Future is Bright for G1 Pegasus World Cup Hero National Treasure
Runner-Up Senor Buscador Likely Headed to Saudi Cup
HALLANDALE BEACH, FL – While National Treasure’s next start has yet to be determined, the 4-year-old son of Quality Road’s future is considerably brighter on and off the track in the aftermath of his impressive victory in the face of adversity at Gulfstream Park in Saturday’s $3 million Pegasus World Cup Invitational (G1) presented by Baccarat.
“He’s just going to get better and better. We were thinking, ‘Where do we run? Do we go to Saudi? Do we go here? We thought, let’s keep him here and be a good horse in America,’” Hall of Fame trainer Bob Baffert said following National Treasure’s courageous effort in the headliner of Saturday’s 13-race program that also featured the $1 million 1/ST BET Pegasus World Cup Turf Invitational (G1) and $500,000 TAA Pegasus World Cup Filly & Mare Turf Invitational (G2) and four other graded stakes.
His victory by a neck over Senor Buscador Saturday cemented his status as the leader of the 2024 older-horse division in addition to enhancing his reputation as an attractive stallion prospect.
“It’s very important, in a race like the Pegasus, that we run our good horses in there because it’s a stallion-maker,” he added. “We need to bring our best horses to keep that race going. It’s a huge day. [Chairwoman and Chief Executive Officer, 1/ST] Belinda [Stronach] puts on a big party, a party atmosphere. It’s good for racing.”
National Treasure, who lost the Breeder’s Cup Dirt Mile (G1) by a nose to Horse of the Year Cody’s Wish in his prior start, gave Baffert his third success in the Pegasus World Cup, following Arrogate (2017) and Mucho Gusto (2020).
Owned by SF Racing LLC, Starlight Racing, Madaket Stables LLC, Robert Masterson, Stonestreet Stables LLC, Jay Schoenfarber, Waves Edge Capital LLC and Catherine Donovan, National Treasure, who prevailed in the Preakness (G1) by a head after a prolonged stretch duel, once again demonstrated a lot of heart during the running of the Pegasus. Denied pacesetting privileges by Hoist the Gold, who set quick fractions for the first half-mile of the 1 1/8-mile stakes, National Treasure conclusively proved that he is didn’t need to have the lead in order to win. After finally putting away the pacesetter at the top of the stretch, the Baffert trainee opened a clear lead in mid-stretch and had enough in reserve to prevail by a neck.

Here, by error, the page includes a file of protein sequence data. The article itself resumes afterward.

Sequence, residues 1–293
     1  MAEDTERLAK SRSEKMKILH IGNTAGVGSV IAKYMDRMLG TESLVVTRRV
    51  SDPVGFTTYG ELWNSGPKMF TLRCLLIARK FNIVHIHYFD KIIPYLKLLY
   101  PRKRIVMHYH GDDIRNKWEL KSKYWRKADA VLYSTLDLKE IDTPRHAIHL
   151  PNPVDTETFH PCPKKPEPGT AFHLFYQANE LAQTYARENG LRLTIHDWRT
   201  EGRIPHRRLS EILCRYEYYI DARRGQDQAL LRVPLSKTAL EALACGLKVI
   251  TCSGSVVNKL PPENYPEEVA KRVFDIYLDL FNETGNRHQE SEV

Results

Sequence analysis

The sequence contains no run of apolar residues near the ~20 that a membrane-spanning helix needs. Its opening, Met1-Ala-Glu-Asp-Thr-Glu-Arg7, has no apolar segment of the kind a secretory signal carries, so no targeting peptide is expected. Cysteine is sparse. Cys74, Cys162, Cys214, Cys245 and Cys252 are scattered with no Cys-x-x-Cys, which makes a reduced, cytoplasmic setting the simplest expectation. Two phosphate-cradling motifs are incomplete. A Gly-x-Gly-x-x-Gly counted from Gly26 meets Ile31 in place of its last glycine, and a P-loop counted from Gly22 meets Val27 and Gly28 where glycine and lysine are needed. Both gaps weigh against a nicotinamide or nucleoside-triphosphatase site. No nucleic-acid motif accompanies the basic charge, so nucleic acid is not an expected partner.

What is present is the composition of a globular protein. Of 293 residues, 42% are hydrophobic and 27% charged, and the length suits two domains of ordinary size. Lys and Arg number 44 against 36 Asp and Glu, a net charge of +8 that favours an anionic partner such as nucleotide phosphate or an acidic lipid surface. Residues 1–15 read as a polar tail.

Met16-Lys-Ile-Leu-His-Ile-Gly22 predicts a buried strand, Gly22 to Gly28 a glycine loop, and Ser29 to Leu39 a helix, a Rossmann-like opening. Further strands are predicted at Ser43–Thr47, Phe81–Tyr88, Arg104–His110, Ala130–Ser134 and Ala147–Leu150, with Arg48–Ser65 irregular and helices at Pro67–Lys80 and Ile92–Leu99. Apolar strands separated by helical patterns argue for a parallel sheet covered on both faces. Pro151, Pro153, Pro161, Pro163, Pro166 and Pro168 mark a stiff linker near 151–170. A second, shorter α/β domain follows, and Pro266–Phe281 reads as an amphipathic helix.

“He was was out there by himself. He was looking around there. I don't think he was getting tired,” Baffert said. “When he ran with Cody’s Wish, he ran really fast. Cody came to him, but after the race, he just kept going out with him. He wasn't really tired. He just got beat by a really good horse, you know. He fought hard and he's a fighter. In the Preakness, remember that horse came to him? He fights. That’s a huge quality you want to see in a horse.”
Joe Peacock Jr.’s Senor Buscador, who rallied from 11th to finish second, was invited to the Feb. 25 Saudi Cup (G1) following his strong effort under Junior Alvarado Saturday.
“I think it’s a great opportunity, so as long as the horse is doing well, we’ll probably head that way,” trainer Todd Fincher said Sunday morning.
Senor Buscador, who was coming off a late-closing second behind Hoist the Gold in the Cigar Mile in his prior start, finished 4 ½ lengths clear of third-place finisher Crupi.
“He ran a great race. Those two horses separated from the field by quite a large margin. They proved themselves to be two very nice Grade 1 horses,” Fincher said. “We ran a great race. We just came up on the losing end. We just needed a few jumps.”
The 6-year-old son of Mineshaft has won multiple graded-stakes and earned multiple graded-stakes placings with his drop-back, run-late style.
“From Day 1 when we started to run him, he just had that running style. We tried to keep him closes, and he just refuses, so we just let him be,” Fincher said. “He just gets better and better as time goes by.”
Trainer Saffie Joseph Jr. reported Sunday morning that Skippylongstocking, who was pulled up and walked off in the Pegasus World Cup, exited the race in good order.
“It looks like he was over-heated,” Joseph said. “I just think he overheated on a hot day. He had to use him hard from Post 12. Maybe it was a combination of that and it being hot. He came out well, that’s the most important thing, to fight another day.”